President's Teaching Scholars Program

 

 

Fall 2000 Retreat Report

"The Engaged Learner"
October 7 and 8, 2000

Introduction

President's Teaching Scholars Attending: Gene Abrams, Brian Argrow, Bob Averbach, Marty Bickman, Bill Briggs, Jim Burkhart, Robert Camley, J.J. Cohen, Fred Coolidge, Anne Costain, Mike Cummings, Jim Curry, John Falconer, Laura Goodwin, Mike Grant, Tom Huber, Don Kleier, David Kroll, Clayton Lewis, John Mays, Ron Melicher, Dale Meyer, Hiroshi Motomura, Jim Palmer, Bob Pois, Harvey Segur, Nort Steuben, J. Michael Shull, Jim Symons, John Taylor, Don Warrick, and Denny Webster.

Also, Elizabeth "Betsy" Hoffman, CU President; Dr. Brian Binger; Mary Ann Shea, director of the President's Teaching Scholars Program; Mary McArthur, director of Publications and Creative Services; and Susan Barney-Jones, editor of theSilver and Gold Record.

Mary Ann Shea opened the retreat by saying that these retreats are always special occasions where we share a covenant among those who care deeply about teaching and learning and among those who are active both nationally and internationally in discovery and inquiry, research and scholarship. These retreats are also a time for building community, debate and discussion, and making plans for the future. These discussion are a time when we retreat into the snow and cold and talk about teaching and the synergy between teaching and research.

The President's Teaching Scholars have become known for assisting the campuses in developing a language about teaching and learning, for making public stories about teaching and learning, and for discussing and debating the broader intellectual issues of education and higher education, such as teaching, rich learning environments, our students, working with graduate students, curriculum and the discipline and how they are distinct from one another and how they are similar, and interdisciplinary work in both scholarship and teaching. The President's Teaching Scholars have assisted CU in building a culture of teaching and learning embodied in scholarship.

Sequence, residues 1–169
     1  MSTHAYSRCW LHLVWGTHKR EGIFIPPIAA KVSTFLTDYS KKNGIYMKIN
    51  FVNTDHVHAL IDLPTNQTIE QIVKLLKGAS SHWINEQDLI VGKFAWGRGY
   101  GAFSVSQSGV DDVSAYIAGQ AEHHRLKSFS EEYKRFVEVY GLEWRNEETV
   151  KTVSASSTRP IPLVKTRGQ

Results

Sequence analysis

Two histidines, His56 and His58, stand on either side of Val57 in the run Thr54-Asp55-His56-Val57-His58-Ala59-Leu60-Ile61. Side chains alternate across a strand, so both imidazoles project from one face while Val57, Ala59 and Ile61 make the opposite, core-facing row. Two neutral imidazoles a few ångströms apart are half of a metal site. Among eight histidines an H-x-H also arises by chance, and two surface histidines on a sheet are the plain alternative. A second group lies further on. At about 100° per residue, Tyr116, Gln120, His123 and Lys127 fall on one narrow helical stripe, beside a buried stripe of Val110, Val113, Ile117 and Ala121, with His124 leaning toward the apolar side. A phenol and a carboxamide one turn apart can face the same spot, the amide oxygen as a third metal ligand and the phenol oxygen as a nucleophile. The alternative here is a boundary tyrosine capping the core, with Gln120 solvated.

On these occasions, Mary Ann noted that we have always wanted our President to be with us. Because of the fall football schedule, we have often not had the company of our president. This marked a very special occasion because our new president, Betsy Hoffman, and Dr. Brian Binger, Betsy's spouse, were with us for this retreat.

Mike Shull, as a longtime friend and colleague of Betsy, was asked to introduce her. She has two Ph.D.s, one in history from Penn and one in economics from Cal Tech. She has been on the faculty at eight places: Florida, Northwestern, Purdue, Arizona, Wyoming, the dean of arts and sciences at Iowa State, provost at University of Illinois, Chicago, and now the president of CU. Her expertise includes history, microeconomics, applied microeconomics, economic history, natural law, natural resources, lots of experience with medical schools, and also with astrophysics while she was on on the board of the Space Telescope Science Institute. She has also been director of honors programs at two universities and may also become involved in ours. In summary Mike said that we are fortunate to have for the first time in twenty years a real scholar, a renaissance scholar as our president. She is an expert in many areas and active in research in many areas. She can provide leadership and inspiration for all of us.

Mary Ann Shea introduced the new President's Teaching Scholars:

From CU-Boulder, Brian Argrow, Aerospace Engineering, John Falconer, Chemical Engineering, and Jim Symons, Theatre and Dance, and from the CU-Health Sciences Center, David Kroll, Pharmacy.

Note: This report is not intended to be an exact or complete transcript of the conversations. These notes are provided to promote further reflection on the topics addressed.